Summary: The weaknesses in web design tools and processes are being exposed by responsive web design. But until a truly native web design tool arrives, there are ways to ease the transition

By Jake Rayson for Web design & Free Software |


There’s a mighty seismic shift grumbling just under the surface in the world of web design — and it’s a two-fold grumble. As Andy Clarke says in his slides from An Event Apart Austin, “Design doesn’t work when it’s separate from development”, and this point is as true for the tools as it is for the process.

Let’s face it, Photoshop is pretty useless when it comes to communicating responsive web design. Liquid layouts? Forget it. Instead, web designers are forced into a dualistic world of Photoshop mock-ups and designing in the browser, with all its concomitant pitfalls.

Process and workflow are equally hampered by a miscommunication, this time between designers and clients. In a thoroughly entertaining and thought-provoking post, entitled “UX Design at Digital Agencies is F*cked”, Ross Popoff-Walker bemoans the exclusion of web designers from the development process. Rather than being included from the beginning of a project, “Only after every pixel has been pushed and use-case documented, will something be made that is working and actually functional”.

Leisa Reichelt, in a follow-up post, “Client/Agency Engagement is F*cked, Waterfall UX Design is a Symptom”, rightfully points to the client-agency relationship as the root cause. The client expects the final package to match the pixel-perfect mock-ups exactly.

If only we could travel back in time to the days of scamps and Magic Markers, where a mock-up was rough and only ever a guide to what could be. As it is, all web designers are waiting with bated breath for the truly native web design tool. Will it be a browser within Photoshop or Photoshop in a browser? Who knows.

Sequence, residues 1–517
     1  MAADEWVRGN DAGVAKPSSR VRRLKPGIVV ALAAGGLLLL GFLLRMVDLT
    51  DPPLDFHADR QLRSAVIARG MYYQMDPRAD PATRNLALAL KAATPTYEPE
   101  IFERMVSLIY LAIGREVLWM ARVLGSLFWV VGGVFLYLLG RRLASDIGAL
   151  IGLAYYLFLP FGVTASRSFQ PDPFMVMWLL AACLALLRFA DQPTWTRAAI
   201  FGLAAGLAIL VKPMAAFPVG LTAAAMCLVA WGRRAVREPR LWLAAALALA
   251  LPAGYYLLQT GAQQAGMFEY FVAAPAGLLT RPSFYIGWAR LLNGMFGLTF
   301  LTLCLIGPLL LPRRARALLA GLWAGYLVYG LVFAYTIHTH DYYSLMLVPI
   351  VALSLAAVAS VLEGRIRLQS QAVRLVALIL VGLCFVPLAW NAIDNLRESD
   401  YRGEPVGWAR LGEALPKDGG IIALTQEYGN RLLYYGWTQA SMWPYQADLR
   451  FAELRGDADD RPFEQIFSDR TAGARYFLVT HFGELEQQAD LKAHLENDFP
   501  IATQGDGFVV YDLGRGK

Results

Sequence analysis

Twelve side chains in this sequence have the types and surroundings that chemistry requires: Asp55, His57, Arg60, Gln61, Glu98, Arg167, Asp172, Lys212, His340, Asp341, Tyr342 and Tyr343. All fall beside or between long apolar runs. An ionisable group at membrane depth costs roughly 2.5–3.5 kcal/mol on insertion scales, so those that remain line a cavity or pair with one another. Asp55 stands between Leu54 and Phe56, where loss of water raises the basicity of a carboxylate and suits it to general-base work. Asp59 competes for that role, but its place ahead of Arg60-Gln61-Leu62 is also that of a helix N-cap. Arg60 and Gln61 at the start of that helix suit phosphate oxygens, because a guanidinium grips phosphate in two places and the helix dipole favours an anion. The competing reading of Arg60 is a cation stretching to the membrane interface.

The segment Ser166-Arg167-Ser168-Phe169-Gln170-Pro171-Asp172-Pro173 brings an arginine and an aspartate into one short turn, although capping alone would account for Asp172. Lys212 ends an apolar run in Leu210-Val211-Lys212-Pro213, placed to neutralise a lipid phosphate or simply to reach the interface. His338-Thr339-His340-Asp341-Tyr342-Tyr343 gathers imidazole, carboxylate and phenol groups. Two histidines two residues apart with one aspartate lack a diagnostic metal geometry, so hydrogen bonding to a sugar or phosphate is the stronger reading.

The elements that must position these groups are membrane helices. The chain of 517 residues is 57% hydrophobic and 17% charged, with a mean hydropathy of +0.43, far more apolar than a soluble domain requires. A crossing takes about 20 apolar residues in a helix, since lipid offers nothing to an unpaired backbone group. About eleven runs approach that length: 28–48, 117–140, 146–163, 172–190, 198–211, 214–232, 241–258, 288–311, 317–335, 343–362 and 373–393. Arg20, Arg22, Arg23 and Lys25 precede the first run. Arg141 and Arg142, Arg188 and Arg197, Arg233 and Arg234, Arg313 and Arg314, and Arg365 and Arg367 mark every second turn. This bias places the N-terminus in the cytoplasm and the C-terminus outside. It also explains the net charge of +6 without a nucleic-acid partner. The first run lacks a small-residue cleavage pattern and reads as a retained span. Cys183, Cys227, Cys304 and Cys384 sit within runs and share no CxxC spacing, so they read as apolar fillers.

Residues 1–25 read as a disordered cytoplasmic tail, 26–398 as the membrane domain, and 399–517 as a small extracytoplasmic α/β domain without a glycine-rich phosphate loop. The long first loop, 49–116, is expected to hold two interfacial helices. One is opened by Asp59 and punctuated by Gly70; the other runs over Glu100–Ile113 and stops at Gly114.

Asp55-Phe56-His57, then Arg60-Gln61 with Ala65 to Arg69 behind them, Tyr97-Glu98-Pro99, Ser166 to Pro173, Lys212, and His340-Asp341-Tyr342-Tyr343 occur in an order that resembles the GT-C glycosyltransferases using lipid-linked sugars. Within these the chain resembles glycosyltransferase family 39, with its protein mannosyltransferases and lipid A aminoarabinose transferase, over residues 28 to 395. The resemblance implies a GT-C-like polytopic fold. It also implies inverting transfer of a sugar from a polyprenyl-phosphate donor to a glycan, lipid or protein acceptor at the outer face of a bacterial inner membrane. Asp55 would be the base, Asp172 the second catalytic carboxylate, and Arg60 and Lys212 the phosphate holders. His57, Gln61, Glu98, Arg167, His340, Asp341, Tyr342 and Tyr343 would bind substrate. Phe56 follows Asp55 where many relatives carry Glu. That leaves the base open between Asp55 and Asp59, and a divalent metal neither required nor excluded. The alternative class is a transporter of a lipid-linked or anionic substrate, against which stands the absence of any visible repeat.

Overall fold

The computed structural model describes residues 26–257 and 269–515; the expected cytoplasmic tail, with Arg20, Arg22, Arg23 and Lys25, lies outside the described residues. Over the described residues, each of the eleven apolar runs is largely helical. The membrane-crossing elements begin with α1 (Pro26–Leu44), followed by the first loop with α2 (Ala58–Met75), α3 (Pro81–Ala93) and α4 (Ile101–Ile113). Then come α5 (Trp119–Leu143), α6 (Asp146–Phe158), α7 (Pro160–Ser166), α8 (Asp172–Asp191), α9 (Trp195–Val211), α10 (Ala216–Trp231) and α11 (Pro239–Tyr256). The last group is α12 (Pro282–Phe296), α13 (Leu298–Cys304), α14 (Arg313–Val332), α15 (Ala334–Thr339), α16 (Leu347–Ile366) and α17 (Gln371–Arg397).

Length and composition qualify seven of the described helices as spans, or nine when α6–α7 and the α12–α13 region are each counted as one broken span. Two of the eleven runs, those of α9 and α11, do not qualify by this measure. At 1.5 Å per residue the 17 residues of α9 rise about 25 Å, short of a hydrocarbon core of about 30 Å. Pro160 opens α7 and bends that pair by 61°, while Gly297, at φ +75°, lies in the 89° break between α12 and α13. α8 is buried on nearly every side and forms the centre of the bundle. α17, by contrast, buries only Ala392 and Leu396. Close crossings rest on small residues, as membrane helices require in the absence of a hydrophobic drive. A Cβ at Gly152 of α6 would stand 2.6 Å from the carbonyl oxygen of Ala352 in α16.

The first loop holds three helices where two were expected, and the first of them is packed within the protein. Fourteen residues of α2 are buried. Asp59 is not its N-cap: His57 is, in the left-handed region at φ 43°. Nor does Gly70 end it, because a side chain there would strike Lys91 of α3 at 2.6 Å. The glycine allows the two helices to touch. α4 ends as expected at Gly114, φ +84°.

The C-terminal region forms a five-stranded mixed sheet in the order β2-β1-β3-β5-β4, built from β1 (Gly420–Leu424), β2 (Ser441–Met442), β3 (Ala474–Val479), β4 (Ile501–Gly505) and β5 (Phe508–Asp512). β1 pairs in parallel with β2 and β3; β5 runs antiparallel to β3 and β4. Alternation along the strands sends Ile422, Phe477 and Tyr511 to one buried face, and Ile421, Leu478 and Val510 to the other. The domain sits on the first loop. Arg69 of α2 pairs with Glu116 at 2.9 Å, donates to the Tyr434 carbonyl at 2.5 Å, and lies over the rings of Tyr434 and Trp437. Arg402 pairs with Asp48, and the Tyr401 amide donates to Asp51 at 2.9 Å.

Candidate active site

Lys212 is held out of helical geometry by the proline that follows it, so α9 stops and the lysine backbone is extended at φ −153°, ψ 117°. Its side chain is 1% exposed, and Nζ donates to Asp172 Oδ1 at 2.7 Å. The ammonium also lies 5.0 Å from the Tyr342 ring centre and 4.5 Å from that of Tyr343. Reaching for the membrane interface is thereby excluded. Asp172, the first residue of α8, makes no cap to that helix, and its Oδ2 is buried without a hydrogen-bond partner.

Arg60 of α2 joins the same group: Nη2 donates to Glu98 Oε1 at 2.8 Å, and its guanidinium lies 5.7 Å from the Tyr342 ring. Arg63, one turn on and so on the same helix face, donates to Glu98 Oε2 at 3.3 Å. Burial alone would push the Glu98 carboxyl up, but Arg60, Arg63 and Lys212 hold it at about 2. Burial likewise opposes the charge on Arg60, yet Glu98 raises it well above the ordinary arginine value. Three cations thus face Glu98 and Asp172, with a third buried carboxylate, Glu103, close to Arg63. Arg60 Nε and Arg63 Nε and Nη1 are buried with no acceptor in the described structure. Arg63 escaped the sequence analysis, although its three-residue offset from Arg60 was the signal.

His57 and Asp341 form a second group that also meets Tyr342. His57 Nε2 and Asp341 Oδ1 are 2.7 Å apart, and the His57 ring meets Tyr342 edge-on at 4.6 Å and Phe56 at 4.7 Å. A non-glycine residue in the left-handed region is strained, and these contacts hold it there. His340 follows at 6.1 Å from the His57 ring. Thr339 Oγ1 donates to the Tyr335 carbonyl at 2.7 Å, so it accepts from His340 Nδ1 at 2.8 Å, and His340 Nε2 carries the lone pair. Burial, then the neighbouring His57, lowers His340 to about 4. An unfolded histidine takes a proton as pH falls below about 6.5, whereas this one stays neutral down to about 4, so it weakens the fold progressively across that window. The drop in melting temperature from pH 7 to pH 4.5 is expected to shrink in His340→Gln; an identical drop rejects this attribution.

Tools for now

Until such a tool arrives, here are some handy pieces of software for easing the transition:

  • Typecast App: test your type in a real browser, with fonts from TypeKit and Google Fontsamong others.
  • Gridset: an online tool for creating layout grids beyond your wildest dreams.
  • Responsive Wireframes: handy tool for a quick preview of what could be, by James Mellers.
  • Ultimate CSS Gradient Generator: generate gradients and CSS, by the creators of theColorZilla browser plug-in.
  • Blends in CSS: Wow — hot off the press from those clever folk over at Adobe.

And some closing words by Ross Popoff-Walker: “It’s damn time things change”.

Topics: Browser, Emerging Tech, Software Development


Jake Rayson

About Jake Rayson


A web designer since the 20th century, I am a pragmatic advocate of Free Software and I use proprietary software when appropriate. I made the full-time switch to Linux back in 2007, and my desktop tools of choice are Linux Mint, Inkscape, GIMP and Sublime Text.



As a Front End Developer, my core skills are HTML5, CSS3 and jQuery, and my working life reflects my commitment to open standards and accessible websites (ie accessible by everyone, regardless of browser, platform, ability or technology).



For web publishing platforms, I use WordPress for ease of use and Drupal for more complex solutions.



I am also learning about Ruby, Rails, Sinatra and CoffeeScript. I like the minimalist Ruby Way. To this end, my personal portfolio website is built with NestaCMS.




Leave a Reply

Your email address will not be published. Required fields are marked *